Likewise, many value investors make the same mistake. Value stocks often appear tempting because they presumably might suffer only temporary difficulties, but this also increases the risk for permanent financial difficulties and subsequent bankruptcy. Many end up on the graveyard, and hence they never show up in any performance statistics.
Survivorship bias distorts results a lot!
Correlations in trading breakdowns – nothing lasts forever:
Correlations vary over time. Something that is highly correlated over long intervals might be erratic on a shorter time frame:
The lower pane on the chart shows the 10-day correlation (red line), while the black line shows the 100-day correlation. The correlation is very high over long time frames but tens to “break down” over a few days.
Opposite, the correlation between the S&P 500 and long-term interest rates is much lower:
The chart above shows the 10- and the 100-day correlation between the ETFs SPY and TLT. The black line, the 100-day average, is most of the time negative, as expected due to the inverse relationship between stock market valuation and rates.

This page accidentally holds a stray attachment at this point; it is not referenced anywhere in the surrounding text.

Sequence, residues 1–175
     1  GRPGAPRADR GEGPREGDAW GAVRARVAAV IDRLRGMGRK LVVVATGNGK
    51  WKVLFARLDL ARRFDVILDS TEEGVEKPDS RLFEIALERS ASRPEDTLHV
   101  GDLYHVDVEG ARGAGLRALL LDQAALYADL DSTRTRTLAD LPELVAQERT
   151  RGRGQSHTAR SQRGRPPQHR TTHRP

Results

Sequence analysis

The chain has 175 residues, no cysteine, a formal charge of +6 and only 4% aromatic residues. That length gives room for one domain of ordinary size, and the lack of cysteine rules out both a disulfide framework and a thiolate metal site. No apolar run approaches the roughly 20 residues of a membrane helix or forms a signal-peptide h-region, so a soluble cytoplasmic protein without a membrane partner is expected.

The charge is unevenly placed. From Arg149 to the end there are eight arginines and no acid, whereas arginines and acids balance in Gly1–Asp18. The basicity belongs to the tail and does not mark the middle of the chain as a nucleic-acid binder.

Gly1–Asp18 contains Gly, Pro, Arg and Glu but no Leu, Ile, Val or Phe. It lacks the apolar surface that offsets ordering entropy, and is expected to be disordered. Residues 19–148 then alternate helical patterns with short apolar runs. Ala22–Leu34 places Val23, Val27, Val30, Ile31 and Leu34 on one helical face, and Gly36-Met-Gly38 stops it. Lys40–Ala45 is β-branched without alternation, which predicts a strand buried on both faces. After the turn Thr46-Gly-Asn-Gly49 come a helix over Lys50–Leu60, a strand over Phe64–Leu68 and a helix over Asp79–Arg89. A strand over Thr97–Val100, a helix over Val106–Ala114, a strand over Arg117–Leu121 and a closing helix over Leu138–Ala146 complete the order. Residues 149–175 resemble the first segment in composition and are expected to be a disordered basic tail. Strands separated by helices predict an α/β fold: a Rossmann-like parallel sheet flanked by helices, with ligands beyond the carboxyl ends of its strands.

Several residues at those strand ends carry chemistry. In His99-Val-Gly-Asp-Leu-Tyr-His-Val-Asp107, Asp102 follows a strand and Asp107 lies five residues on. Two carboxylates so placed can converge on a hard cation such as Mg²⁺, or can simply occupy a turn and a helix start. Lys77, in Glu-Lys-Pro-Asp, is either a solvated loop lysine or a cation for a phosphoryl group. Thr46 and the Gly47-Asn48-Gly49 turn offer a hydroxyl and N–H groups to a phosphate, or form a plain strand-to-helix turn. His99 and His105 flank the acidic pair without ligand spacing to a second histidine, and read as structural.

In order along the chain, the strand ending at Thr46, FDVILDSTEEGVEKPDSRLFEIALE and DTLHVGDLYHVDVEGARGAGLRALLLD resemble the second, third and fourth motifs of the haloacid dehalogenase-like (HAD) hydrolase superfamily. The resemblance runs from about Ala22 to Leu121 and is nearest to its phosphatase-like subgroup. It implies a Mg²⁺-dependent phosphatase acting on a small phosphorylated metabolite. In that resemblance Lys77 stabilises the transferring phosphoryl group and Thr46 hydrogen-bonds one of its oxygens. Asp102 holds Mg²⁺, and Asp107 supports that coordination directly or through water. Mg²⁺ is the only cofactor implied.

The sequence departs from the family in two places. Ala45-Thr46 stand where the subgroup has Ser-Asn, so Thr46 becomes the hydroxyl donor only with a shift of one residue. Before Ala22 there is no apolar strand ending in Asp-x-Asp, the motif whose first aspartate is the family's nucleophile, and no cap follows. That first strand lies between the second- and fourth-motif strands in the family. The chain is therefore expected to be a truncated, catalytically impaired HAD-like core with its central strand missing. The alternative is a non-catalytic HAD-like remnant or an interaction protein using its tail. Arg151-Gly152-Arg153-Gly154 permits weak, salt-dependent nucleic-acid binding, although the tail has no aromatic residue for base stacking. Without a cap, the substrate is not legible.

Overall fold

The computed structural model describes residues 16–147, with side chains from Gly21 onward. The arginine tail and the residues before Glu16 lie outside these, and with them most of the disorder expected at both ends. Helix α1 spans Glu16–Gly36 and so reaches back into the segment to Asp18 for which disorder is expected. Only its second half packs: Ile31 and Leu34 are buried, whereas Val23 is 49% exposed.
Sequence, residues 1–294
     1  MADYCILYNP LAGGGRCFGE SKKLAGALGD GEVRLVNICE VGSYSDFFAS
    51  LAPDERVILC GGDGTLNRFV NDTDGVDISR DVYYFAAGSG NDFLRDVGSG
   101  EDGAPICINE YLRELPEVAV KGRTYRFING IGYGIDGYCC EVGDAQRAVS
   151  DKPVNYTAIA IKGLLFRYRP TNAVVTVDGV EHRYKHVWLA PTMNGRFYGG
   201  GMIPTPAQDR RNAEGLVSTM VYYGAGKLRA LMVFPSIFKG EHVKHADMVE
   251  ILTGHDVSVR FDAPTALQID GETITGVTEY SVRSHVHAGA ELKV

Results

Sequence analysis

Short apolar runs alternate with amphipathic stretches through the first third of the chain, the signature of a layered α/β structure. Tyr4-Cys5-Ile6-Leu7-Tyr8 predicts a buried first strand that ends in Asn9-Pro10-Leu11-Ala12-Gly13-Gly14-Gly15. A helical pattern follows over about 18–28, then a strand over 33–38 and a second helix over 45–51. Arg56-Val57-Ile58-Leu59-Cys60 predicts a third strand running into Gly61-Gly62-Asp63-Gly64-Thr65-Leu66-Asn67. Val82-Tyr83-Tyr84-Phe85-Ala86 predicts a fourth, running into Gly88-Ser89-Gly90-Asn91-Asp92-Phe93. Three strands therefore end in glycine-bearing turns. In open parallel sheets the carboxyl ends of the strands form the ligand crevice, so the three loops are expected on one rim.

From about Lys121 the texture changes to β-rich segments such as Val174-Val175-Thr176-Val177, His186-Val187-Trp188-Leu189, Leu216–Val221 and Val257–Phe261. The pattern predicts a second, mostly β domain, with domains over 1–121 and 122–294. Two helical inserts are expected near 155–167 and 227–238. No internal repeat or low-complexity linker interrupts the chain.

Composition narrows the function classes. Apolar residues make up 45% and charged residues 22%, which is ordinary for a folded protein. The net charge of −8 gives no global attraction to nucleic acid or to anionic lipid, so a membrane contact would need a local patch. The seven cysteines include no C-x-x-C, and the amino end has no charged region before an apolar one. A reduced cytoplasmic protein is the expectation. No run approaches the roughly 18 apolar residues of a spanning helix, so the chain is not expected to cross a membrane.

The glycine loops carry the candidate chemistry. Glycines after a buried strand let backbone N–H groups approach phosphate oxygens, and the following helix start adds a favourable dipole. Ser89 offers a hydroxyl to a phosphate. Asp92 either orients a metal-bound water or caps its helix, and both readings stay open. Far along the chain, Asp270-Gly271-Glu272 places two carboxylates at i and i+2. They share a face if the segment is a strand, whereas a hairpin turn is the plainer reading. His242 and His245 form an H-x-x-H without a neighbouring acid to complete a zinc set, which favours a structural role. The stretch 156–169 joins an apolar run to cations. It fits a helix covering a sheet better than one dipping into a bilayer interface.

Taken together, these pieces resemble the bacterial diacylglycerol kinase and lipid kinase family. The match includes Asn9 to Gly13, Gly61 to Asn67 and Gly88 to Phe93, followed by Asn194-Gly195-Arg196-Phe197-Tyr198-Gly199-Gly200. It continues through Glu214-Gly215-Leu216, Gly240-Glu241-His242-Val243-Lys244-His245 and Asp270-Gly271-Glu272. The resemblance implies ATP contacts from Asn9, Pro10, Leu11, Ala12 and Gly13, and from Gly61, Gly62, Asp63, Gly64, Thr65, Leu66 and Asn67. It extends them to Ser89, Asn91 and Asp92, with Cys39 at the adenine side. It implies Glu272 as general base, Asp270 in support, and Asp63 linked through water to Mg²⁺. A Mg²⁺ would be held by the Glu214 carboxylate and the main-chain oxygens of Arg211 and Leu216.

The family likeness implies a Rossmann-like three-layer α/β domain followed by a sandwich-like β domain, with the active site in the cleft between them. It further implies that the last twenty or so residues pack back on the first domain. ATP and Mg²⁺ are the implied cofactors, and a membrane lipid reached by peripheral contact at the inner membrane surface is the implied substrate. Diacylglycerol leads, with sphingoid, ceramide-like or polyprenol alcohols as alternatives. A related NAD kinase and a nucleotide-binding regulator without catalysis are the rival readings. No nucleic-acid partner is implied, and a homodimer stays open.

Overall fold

Should you understand why trading correlations change?
There are many reasons why correlations break down and change. Sentiment and global factors change all the time, and luckily the world is not static.
We would like to understand why things change, but we believe this is a pretty futile exercise that will keep you occupied 24/7. We think it makes more sense to accept that correlations come and go.
Non-correlation and diversification – the holy grail in trading?
The goal in trading system development is to have strategies that cancel each other out to lower the returns’ variability – we can call it correlation trades. To do this, you need to include various asset classes, trade both long and short, and use different time frames in your trading strategies. Even long-only trades done during a bear market can add diversification and profitability when the time frame is short.